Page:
Alwyne Lane, N1

Buildings in this area date from the nineteenth century or before

 HOME  ·  ARTICLE  ·  MAPS  ·  STREETS  BLOG 
(51.54299 -0.09932, 51.542 -0.099) 
MAP YEAR:175018001810182018301860190019502022Show map without markers
ZOOM:14 15 16 17 14 15 16 17 14 15 16 17 14 15 16 17 14 15 16 17 14 15 16 17 14 15 16 17 18 14 15 16 17 14 15 16 17 18
TIP: Adjust the MAP YEAR and ZOOM to tweak historical maps
Road · Highbury · N1 ·
August
11
2017

Alwyne Lane is a road in the N1 postcode area





Click here to explore another London street
We now have 524 completed street histories and 46976 partial histories
Find streets or residential blocks within the M25 by clicking STREETS


CONTRIBUTIONS TO THE LOCALITY

Comment
Jeff Owen   
Added: 20 Mar 2021 16:18 GMT   

Owen’s School
Owen Street is the site of Owen’s Boys’ School. The last school was built in 1881 and was demolished in the early 1990s to make way for the development which stand there today. It was a “Direct Grant” grammar school and was founded in 1613 by Dame Alice Owen. What is now “Owen’s Fields” was the playground between the old school and the new girls’ school (known then as “Dames Alice Owen’s School” or simply “DAOS”). The boys’ school had the top two floors of that building for their science labs. The school moved to Potters Bar in Hertfordshire in 1971 and is now one of the top State comprehensive schools in the country. The old building remained in use as an accountancy college and taxi-drivers’ “knowledge” school until it was demolished. The new building is now part of City and Islington College. Owen’s was a fine school. I should know because I attended there from 1961 to 1968.

Reply
Born here
Bernard Miller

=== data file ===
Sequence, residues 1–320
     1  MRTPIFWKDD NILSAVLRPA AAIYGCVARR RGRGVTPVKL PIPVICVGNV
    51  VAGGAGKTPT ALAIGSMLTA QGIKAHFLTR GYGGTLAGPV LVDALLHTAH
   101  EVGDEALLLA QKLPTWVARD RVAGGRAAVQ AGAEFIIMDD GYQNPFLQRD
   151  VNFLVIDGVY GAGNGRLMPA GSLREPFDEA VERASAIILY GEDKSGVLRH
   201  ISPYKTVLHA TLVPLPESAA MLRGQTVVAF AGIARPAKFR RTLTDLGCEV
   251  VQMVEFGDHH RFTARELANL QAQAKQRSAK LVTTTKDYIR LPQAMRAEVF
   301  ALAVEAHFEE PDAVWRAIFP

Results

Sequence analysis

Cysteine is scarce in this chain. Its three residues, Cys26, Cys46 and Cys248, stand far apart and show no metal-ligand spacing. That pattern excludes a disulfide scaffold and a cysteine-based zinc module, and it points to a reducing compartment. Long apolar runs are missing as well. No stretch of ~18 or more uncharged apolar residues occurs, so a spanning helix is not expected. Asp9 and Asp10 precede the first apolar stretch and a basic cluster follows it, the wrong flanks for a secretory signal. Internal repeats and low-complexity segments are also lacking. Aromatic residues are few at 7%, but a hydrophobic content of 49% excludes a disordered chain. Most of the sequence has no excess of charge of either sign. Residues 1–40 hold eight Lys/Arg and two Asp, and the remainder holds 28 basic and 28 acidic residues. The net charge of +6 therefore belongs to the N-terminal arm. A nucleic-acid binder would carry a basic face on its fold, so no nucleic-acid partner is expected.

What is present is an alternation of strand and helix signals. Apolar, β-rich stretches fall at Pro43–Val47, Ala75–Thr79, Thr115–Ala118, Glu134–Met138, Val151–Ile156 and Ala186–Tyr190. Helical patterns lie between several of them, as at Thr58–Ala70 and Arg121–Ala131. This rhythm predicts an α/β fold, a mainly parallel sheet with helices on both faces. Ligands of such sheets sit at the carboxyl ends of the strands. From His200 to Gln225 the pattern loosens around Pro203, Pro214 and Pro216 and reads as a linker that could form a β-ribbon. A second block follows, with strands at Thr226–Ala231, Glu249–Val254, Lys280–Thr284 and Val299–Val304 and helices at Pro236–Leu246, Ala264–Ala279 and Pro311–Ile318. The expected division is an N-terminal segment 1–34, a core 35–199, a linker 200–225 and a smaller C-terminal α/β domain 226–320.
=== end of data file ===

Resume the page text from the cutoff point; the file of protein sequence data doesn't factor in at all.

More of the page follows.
Added: 12 Apr 2022 17:36 GMT   

My mother and her sister were born at 9 Windsor Terrace
My mother, Millie Haring (later Miller) and her sister Yetta Haring (later Freedman) were born here in 1922 and 1923. With their parents and older brother and sister, they lived in two rooms until they moved to Stoke Newington in 1929. She always said there were six rooms, six families, a shared sink on the first floor landing and a toilet in the backyard.

Reply
Born here
Vanessa Whitehouse   
Added: 17 Feb 2021 22:48 GMT   

Born here
My dad 1929 John George Hall

Reply

Barry J. Page   
Added: 27 Jul 2022 19:41 GMT   

Highbury Corner V1 Explosion
Grandma described the V1 explosion at Highbury Corner on many occasions. She was working in the scullery when the flying bomb landed. The blast shattered all the windows in the block of flats and blew off the bolt on her front door. As she looked out the front room window, people in various states of injury and shock were making their way along Highbury Station Road. One man in particular, who was bleeding profusely from glass shard wounds to his neck, insisted in getting home to see if his family was all right. Others were less fortunate. Len, the local newsagent, comforted a man, who had lost both legs caused by the blast, until the victim succumbed to his injuries. The entire area was ravaged and following are statistics. The flying bomb landed during lunch hour (12:46 p.m.) on June 27th 1944. 26 people lost their lives, 84 were seriously injured and 71 slightly injured.

Reply
Comment
Steven Shepherd   
Added: 4 Feb 2021 14:20 GMT   

Our House
I and my three brothers were born at 178 Pitfield Street. All of my Mothers Family (ADAMS) Lived in the area. There was an area behind the house where the Hoxton Stall holders would keep the barrows. The house was classed as a slum but was a large house with a basement. The basement had 2 rooms that must have been unchanged for many years it contained a ’copper’ used to boil and clean clothes and bedlinen and a large ’range’ a cast iron coal/log fired oven. Coal was delivered through a ’coal hole’ in the street which dropped through to the basement. The front of the house used to be a shop but unused while we lived there. I have many more happy memories of the house too many to put here.